Samsung now wants to make do-it-yourself phone repairs more accessible

Samsung Consideration is being given to using recycled parts to repair smartphones, with the aim of reducing the burden on the environment and two customers’ cards throughout the process. The company has recently taken some positive steps to avoid addressing its environmental concerns, such as the use of recycled plastic and marine debris in smartphone parts and accessories, such as packaging and shoes. The company also removed the charging blocks for its sales phone booths in the name of reducing the tax on electronic liquefaction, but the measure remains an important topic of conversation.

Samsung recently announced a parking program with iFixit to fix smartphones at home. Following in Apple’s footsteps, Samsung and iFixit will provide repair parts, detailed repair guides and the necessary tools for DIY smartphone repair tasks. The most recent phones in Samsung’s Galaxy S22 series are currently excluded from the program, and it’s not clear whether cheaper phones will be included, but the program is still an ideal way to keep phone owners out of trouble. A step in the right direction.

Samsung really seems to want to improve its customer-friendly initiatives by promoting recyclable parts in their products. to concert. In accordance with reports, Korean business, the company wants to increase the use of recyclable spare parts in its smartphone repair strategy. Samsung plans to launch a certified parts recycling program for manufacturers to repair smartphones in the first semester of 2022. While it is environmentally responsible, the use of recycled parts is also pursued to significantly reduce repair costs. cloth speech Samsung has been contacted to confirm the plan and will update this story once an official response is received.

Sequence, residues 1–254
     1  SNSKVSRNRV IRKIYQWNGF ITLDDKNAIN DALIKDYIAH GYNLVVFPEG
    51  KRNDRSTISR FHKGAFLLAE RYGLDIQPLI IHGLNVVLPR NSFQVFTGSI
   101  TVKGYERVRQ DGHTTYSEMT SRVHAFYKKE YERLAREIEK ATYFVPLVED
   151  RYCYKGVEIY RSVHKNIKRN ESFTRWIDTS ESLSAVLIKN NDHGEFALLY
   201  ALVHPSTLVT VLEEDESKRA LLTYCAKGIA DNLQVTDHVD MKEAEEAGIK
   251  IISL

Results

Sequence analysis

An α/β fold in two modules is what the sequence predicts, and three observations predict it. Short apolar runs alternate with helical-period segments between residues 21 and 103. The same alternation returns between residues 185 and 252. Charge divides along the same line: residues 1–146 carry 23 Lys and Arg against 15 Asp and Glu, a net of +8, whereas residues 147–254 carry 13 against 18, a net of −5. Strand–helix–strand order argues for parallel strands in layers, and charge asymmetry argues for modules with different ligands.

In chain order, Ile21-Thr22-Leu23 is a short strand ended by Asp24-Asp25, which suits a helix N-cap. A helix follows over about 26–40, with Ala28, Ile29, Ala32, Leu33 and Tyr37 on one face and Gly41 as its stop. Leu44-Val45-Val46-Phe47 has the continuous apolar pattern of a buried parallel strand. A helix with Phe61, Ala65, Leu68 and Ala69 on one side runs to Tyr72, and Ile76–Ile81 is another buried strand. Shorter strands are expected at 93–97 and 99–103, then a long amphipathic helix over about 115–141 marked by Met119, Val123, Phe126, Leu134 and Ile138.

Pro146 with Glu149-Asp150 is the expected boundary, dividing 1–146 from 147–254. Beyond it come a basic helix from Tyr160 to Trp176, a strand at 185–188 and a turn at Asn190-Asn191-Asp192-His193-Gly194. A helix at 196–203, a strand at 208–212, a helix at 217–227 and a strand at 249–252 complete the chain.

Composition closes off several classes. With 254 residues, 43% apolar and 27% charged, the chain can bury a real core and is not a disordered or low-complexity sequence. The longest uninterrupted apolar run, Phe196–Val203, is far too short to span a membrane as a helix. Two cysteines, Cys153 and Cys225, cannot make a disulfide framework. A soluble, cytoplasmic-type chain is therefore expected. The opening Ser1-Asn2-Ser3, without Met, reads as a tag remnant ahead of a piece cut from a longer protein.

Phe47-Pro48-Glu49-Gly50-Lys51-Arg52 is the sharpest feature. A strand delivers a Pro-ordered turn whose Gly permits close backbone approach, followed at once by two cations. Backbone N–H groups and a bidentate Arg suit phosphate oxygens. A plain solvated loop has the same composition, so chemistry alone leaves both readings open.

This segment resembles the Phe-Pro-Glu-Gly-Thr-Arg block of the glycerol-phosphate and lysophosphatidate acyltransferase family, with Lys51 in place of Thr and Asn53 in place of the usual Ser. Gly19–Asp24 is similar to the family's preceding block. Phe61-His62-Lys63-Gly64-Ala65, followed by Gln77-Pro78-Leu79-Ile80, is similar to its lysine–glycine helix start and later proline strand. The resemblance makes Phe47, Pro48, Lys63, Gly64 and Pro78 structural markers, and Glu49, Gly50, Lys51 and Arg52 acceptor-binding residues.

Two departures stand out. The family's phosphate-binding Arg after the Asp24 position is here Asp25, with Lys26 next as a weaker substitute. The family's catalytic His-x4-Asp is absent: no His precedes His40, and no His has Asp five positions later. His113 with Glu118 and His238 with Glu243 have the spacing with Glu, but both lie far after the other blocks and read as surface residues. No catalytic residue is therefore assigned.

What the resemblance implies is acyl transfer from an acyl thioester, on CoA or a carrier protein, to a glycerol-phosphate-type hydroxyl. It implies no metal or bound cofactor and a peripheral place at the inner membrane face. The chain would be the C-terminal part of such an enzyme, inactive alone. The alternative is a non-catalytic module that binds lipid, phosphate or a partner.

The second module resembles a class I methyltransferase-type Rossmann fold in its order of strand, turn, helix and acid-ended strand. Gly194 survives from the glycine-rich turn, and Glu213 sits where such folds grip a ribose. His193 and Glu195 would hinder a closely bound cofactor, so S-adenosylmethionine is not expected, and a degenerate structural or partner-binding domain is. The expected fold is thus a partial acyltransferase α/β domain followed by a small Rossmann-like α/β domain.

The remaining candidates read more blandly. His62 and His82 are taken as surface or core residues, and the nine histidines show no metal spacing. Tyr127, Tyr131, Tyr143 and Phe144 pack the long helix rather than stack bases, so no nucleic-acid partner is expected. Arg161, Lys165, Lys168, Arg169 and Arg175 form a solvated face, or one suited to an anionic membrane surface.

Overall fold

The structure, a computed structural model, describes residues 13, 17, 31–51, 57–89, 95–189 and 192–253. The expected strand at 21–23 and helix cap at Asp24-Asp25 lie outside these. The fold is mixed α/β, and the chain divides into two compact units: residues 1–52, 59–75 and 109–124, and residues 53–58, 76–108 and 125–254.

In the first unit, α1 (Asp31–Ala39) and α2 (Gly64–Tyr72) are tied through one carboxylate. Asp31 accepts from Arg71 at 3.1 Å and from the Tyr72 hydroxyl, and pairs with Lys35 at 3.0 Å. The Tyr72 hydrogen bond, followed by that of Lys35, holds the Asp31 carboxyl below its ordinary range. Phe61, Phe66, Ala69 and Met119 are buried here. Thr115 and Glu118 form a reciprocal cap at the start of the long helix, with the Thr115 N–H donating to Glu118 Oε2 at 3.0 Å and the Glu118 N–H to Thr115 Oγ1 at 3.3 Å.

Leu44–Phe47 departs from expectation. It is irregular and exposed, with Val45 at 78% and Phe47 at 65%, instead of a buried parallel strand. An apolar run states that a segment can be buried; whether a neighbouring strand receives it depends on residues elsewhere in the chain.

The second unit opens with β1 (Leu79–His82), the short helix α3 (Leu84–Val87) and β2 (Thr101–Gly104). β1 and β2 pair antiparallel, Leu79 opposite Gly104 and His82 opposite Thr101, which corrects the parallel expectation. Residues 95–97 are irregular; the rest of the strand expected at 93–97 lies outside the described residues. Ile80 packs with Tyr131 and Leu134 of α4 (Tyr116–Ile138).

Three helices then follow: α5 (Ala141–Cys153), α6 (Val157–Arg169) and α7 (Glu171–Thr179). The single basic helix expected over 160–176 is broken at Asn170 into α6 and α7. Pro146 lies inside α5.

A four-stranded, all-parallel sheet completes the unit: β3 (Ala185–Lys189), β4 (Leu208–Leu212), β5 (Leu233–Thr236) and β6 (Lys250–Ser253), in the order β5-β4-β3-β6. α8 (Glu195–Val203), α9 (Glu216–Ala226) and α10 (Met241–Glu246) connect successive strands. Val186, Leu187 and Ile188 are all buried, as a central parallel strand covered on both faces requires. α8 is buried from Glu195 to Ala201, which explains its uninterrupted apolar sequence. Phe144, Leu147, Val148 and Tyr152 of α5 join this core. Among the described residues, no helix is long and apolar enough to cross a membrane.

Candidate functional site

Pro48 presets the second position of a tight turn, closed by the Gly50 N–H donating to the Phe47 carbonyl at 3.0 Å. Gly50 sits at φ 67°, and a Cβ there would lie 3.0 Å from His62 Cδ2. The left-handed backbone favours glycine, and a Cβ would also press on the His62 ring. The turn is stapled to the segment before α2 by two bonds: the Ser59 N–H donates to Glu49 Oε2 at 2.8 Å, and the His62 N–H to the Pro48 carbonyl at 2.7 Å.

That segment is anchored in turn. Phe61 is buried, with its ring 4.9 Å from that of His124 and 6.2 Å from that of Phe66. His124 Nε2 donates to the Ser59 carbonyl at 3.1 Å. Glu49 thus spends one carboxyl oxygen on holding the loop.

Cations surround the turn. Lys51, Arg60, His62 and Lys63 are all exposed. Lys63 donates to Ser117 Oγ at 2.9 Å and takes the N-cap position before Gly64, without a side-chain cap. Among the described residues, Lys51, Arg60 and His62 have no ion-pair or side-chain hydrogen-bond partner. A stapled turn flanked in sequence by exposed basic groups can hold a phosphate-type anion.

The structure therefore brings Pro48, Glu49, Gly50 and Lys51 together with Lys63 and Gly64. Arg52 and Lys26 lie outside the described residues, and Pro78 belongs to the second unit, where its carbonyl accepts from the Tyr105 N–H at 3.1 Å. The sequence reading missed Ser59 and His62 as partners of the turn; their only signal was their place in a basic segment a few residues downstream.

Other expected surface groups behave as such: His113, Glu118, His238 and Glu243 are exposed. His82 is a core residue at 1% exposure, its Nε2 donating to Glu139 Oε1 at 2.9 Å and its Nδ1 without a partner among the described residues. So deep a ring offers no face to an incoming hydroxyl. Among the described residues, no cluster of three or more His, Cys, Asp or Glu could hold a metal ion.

According to Samsung’s domestic market, the program will reduce the price of two monitor repairs, reducing costs from 200,000 won (about US$160) to 100,000 won (about US$80). The company also focuses on high-quality manufacturers of recycled parts and tries to combine construction and finish with new products. However, it’s not clear whether the program will launch globally or be limited to certain high-yield markets and open only a few major devices.

As impressive as the strategy is, it will not be easy for Samsung to execute. Unlike Apple and Google, which have launched their own auto repair programs, Samsung has a disproportionate portfolio of smartphones in all price ranges. It will be a difficult task to make recyclable storage steps for everyone. Samsung will certainly maintain its ambitions to recycle repair parts closer to the premium segment, where the Galaxy S queen phone line is. In reality, SamsungWith its complex engineering and simple construction, the company’s good phone is unlikely to be on the do-it-yourself car list.

source: korean business, samsung

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